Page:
For all of the difficulty that Guillermo del Toro has experienced in getting his projects off the ground, his imagination is famously restless and unquenchable. A gifted artist who’s as capable of bringing his visions to life with a pencil as he is with a camera, del Toro is known to first begin creating his film worlds in the pages of his sketchbooks (del Toro once left his “Pan’s Labyrinth” notes in the back seat of a cab, and the loss might have killed the movie if not for the kind efforts of the cab driver to return the book). While most of the notes and illustrations that fill del Toro’s sketchbooks may never be available to the public, many pages have made their way to the web, and many more can be found in various books and on the Criterion Collection DVDs of “Cronos” and “The Devil’s Backbone.” Here, we’ve collected the images that we could find, a modest collection that nevertheless provides a thrilling glimpse into the mind of an extraordinary storyteller.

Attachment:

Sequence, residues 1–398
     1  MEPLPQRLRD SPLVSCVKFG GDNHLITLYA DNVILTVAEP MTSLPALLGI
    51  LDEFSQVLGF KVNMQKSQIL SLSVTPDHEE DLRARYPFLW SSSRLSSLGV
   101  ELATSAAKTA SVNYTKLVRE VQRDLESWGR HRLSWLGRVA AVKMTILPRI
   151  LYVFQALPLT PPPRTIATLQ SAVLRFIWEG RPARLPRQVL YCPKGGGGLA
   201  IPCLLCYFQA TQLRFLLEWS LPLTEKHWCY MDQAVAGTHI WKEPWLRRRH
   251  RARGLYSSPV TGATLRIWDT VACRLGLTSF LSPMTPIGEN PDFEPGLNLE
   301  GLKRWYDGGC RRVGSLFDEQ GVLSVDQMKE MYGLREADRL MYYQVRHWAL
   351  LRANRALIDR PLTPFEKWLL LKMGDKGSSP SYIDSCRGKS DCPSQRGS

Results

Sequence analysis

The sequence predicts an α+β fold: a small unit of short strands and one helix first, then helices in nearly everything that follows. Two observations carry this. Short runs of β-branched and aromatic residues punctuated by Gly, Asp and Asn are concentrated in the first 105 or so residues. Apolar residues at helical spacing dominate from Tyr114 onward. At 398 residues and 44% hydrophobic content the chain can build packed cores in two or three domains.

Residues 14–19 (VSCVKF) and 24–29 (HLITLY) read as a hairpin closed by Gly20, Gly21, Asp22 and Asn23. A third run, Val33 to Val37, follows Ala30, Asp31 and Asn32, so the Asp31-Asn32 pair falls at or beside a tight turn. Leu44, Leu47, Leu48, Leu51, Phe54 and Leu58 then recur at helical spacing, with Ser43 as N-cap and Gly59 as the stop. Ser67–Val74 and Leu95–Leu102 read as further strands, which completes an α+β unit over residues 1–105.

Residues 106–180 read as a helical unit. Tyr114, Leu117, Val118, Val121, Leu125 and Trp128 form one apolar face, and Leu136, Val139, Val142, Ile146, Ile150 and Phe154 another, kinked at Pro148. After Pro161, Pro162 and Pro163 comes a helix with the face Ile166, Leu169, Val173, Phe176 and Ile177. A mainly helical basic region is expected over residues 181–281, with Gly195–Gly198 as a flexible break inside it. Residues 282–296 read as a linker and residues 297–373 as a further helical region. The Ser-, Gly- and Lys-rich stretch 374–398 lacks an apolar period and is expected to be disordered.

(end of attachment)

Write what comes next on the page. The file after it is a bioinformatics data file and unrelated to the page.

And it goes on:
Frontage is a layered font system by designer Juri Zaech with a variety of design possibilities by using different combinations of fonts, type layers and colors. You are able to create a nice 3D effect by adding the shadow font or just use the capital letters of the regular and bold font style for a strong but simple artwork or headline. The typeface of the Frontage layered type system conveys a charming handcrafted look. This versatile display font works great with different colors.
UK-based illustrator and graphic artist Neil Stevens has created a series of beautiful minimalist posters that is inspired by old airline baggage tags.